What Does India Want from Russia?
As the Ukraine war continues, India’s quest for self-reliance increasingly entails multidimensional international engagement. Its skillful approach means that the forthcoming 75th anniversary of Indian independence will coincide with the country achieving significant – and advantageous – geopolitical autonomy.
LONDON – If there was a prize for the most quotable comment on international relations so far in 2022, Indian Foreign Minister Subrahmanyam Jaishankar would be in the running. Responding to criticism of his country’s neutral stance on the Russia-Ukraine war at a security forum in Slovakia in June, Jaishankar said that “Europe has to grow out of the mindset that Europe’s problems are the world’s problems, but the world’s problems are not Europe’s problems.”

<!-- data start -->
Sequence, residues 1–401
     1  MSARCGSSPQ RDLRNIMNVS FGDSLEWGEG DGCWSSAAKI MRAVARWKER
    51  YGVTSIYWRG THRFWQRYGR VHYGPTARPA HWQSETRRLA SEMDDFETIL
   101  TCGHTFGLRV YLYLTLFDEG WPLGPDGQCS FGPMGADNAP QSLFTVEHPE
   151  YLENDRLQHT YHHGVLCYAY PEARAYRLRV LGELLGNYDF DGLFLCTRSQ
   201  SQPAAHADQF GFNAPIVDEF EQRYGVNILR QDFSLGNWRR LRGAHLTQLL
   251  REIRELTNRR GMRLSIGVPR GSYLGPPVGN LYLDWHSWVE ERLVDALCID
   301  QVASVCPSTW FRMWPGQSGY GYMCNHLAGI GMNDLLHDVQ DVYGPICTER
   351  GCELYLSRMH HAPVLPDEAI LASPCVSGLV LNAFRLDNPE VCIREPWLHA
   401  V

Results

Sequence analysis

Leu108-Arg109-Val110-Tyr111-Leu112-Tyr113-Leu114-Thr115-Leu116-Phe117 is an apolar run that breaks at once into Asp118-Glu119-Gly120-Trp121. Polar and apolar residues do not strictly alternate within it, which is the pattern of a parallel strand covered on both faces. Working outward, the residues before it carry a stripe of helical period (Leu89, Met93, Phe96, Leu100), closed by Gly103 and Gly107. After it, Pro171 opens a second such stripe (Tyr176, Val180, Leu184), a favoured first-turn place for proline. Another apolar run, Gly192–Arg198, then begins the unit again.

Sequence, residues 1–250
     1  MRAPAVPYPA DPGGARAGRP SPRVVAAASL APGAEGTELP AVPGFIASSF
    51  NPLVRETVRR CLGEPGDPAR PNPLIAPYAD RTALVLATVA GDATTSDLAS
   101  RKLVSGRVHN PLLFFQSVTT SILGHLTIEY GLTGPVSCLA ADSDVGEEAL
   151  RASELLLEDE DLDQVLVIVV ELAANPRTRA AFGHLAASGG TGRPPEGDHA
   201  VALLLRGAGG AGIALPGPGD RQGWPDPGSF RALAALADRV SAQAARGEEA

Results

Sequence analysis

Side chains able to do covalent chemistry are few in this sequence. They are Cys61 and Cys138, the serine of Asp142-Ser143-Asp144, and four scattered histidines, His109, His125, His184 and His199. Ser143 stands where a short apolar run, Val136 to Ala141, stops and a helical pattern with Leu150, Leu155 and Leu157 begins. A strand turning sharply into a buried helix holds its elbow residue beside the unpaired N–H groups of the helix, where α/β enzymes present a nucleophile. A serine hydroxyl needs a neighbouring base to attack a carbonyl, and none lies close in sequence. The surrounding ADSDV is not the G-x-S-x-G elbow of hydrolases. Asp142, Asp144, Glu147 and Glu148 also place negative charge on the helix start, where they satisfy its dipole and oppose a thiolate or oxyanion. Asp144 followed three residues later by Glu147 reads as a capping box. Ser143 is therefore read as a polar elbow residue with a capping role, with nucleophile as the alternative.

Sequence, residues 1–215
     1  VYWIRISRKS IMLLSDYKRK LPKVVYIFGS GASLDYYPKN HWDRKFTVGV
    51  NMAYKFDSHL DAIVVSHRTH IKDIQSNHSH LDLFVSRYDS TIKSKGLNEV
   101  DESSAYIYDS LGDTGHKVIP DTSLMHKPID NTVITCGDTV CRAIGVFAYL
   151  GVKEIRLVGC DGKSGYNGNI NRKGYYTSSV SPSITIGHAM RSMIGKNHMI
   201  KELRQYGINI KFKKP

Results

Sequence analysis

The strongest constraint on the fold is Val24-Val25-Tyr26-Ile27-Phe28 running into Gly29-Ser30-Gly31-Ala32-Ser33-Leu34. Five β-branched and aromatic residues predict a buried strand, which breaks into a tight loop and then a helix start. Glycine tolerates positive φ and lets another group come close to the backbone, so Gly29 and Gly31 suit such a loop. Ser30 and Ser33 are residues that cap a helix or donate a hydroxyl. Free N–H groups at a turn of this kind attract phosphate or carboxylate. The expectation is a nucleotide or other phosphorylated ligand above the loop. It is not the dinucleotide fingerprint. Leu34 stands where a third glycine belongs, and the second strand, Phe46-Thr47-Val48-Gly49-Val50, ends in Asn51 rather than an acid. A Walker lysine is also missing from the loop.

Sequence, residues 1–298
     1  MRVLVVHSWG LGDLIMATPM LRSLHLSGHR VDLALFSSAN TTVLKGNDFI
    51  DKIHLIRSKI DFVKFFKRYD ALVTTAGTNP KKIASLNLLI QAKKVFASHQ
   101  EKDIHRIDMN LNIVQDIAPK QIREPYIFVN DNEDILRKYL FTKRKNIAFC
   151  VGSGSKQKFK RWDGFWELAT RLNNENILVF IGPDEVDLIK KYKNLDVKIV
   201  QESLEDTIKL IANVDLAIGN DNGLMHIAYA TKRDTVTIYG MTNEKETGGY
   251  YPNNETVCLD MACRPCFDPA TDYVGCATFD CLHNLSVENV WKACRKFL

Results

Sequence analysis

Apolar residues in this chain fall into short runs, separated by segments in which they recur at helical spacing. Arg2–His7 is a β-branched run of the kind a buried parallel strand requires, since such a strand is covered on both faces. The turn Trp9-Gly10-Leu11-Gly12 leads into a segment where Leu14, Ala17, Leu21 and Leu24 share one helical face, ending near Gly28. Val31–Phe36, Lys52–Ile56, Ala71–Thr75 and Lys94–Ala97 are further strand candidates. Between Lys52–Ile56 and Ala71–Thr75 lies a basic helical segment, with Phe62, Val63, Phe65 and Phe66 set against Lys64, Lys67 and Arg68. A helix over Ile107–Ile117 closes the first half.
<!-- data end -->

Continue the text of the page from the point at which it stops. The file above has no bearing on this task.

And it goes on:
Like most major crises, the war is shedding stark light on our era, and India’s response to it is particularly illuminating. India’s current foreign policy does more than just exemplify how the conflict has intensified deglobalization trends. It also highlights the paradox inherent in the country’s increasing emphasis on “strategic autonomy” as the world fragments into rival power centers: the United States and its alliance system versus China and its major satellite, Russia. The essence of this paradox is that India’s quest for self-reliance – keeping its distance from the principals of Cold War 2.0 and seeking advantage from diverse relationships – entails multidimensional international engagement.
For example, European politicians painfully weaning their countries off imported Russian energy have criticized India for buying more Russian oil – after Western sanctions reduced its price by about a third relative to the world market price. Indian purchases of Russian crude increased to 1.1 million barrels per day (mbpd) by late July and now account for over one-fifth of Indian oil consumption, compared to just 2% last year.